Revere man held on $75,000 cash bail after arraignment on child porn, rape charges
A Revere man was ordered held on $75,000 cash bail today after his arraignment in Suffolk Superior Court on charges including aggravated rape of a child, prosecutors said.
Geraldo Desouza, 42, also faces charges of dissemination of material harmful to minors, posing or exhibiting a child in a state of nudity or partial nudity, photographing or recording an unsuspecting person in a state of nudity or partial nudity, and possession of a counterfeit Registry of Motor Vehicles document, the Suffolk district attorney’s office said in a statement.
Desouza was ordered by Clerk Magistrate Connie Wong, if he makes bail, to stay away from his victims and any other children under 16.
Desouza was charged after allegedly exchanging explicit texts and online chat messages between 2009 and early this year with victims who were girls between the ages of 11 and 15, the statement said.
State Police who were investigating online child pornography sharing were able to determine that Desouza had child pornography files on his computer at his address in Boston’s Hyde Park neighborhood. Boston police were notified of the case and found the pornography and a counterfeit ID in a February search. Desouza was not home, the statement said.
After the search, Desouza’s roommates demanded he leave. Desouza moved to Revere and was arrested March 29. He has been in custody since then, the statement said.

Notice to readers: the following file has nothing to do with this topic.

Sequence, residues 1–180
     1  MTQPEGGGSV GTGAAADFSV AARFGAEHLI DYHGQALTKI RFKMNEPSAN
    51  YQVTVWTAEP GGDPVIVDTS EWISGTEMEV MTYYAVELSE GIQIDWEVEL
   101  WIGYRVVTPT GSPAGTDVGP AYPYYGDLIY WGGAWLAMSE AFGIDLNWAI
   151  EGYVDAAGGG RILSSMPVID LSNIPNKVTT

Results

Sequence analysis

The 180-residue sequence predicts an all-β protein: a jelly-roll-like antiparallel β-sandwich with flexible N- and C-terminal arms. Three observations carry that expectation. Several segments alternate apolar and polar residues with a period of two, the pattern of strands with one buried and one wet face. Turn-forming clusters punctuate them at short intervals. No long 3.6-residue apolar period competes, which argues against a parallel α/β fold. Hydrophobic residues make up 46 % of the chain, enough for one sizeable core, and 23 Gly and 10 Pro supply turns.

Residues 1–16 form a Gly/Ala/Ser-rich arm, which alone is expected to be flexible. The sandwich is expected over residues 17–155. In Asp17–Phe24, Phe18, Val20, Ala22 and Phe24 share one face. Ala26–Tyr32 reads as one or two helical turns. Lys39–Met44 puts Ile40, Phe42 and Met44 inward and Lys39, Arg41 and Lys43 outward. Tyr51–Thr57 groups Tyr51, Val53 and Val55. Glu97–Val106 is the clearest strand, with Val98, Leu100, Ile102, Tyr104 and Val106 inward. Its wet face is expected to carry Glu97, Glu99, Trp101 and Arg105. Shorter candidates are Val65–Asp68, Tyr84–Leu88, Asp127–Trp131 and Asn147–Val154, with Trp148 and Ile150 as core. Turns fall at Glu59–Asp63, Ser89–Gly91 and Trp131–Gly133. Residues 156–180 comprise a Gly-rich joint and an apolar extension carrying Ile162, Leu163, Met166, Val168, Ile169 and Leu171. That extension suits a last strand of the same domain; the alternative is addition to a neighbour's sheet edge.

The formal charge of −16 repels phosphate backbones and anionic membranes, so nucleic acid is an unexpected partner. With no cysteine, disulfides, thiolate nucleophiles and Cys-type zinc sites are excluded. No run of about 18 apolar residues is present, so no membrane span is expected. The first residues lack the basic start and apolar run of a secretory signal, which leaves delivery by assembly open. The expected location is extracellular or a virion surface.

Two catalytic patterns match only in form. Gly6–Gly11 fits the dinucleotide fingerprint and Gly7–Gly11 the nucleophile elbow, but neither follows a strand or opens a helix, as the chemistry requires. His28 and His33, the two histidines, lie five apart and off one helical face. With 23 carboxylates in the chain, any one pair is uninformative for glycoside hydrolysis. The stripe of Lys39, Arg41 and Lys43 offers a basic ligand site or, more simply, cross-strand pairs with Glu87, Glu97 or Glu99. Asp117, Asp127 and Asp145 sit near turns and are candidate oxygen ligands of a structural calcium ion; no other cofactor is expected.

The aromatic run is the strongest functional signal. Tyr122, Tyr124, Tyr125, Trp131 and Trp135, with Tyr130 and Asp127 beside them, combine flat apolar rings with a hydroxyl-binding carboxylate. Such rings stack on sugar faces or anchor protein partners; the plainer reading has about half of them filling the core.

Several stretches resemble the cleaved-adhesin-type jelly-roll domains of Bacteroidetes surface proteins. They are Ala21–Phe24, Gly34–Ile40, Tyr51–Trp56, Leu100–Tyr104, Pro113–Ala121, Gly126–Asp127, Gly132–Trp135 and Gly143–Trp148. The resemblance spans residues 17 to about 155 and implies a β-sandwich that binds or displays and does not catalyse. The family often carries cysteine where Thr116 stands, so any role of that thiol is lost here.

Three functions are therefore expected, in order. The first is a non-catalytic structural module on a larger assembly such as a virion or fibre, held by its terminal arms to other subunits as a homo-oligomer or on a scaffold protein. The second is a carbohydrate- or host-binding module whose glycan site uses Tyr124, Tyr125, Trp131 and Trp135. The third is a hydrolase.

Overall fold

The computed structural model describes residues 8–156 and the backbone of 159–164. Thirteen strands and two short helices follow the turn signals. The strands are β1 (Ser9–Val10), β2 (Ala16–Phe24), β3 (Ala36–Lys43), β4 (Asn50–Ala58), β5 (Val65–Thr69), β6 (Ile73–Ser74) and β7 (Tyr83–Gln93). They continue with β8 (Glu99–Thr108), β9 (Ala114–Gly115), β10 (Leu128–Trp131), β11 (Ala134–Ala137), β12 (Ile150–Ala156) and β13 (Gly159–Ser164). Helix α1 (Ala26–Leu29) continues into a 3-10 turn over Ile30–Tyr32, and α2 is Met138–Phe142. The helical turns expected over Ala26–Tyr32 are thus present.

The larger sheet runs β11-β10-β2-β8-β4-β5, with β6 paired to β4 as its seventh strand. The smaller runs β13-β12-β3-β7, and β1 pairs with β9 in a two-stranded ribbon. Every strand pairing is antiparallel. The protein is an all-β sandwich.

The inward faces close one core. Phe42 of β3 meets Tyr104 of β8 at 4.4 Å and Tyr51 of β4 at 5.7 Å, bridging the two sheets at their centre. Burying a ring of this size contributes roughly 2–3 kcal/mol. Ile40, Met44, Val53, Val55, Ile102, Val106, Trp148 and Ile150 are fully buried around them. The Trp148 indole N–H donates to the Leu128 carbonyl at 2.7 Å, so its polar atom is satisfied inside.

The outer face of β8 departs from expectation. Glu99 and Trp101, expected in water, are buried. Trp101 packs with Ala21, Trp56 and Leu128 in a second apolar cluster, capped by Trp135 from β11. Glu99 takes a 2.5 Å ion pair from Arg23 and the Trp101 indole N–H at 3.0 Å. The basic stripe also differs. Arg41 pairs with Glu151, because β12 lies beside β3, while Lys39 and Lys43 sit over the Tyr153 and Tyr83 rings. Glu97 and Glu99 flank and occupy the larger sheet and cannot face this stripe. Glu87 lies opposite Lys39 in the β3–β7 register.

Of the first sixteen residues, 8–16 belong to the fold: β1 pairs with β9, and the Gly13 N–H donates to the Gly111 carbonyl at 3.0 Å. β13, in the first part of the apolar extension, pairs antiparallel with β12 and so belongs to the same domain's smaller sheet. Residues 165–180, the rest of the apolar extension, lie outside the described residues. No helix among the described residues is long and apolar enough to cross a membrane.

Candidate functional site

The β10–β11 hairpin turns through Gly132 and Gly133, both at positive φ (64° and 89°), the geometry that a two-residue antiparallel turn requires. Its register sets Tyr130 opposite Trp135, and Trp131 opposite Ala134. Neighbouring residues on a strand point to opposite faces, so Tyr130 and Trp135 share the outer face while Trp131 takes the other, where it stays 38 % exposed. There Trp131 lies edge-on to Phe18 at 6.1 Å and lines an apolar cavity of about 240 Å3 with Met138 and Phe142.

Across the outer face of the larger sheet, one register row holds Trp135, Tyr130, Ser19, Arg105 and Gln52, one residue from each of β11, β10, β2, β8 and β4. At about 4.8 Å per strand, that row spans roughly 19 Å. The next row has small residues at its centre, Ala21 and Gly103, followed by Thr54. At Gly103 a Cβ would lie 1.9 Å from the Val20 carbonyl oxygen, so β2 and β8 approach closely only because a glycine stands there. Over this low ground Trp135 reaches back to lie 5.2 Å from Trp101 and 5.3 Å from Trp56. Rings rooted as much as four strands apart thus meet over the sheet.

Police found that not only was Desouza collecting child pornography, he was requesting that minors send him explicit images of themselves. Desouza also sent explicit images of himself to two victims, the statement said.
In one incident, Desouza allegedly took a victim to Copley Place and the zoo, and then to his Hyde Park residence where he engaged in sexual activity with her. Because the girl was under 16 years old, she could not legally consent to the activity, the statement said.
“Every parent and guardian should be concerned about this case,” District Attorney Daniel F. Conley said in a statement. “Online predators will lie, flatter, and threaten children to get what they want. Kids need to know about limits and personal safety, and parents and guardians have to be the ones to teach them. Most important, though, is that kids and teens know they can come to trusted adults when they’re scared or concerned about something happening online.”Melissa can be reached at firstname.lastname@example.org or on Twitter @Melissa__Hanson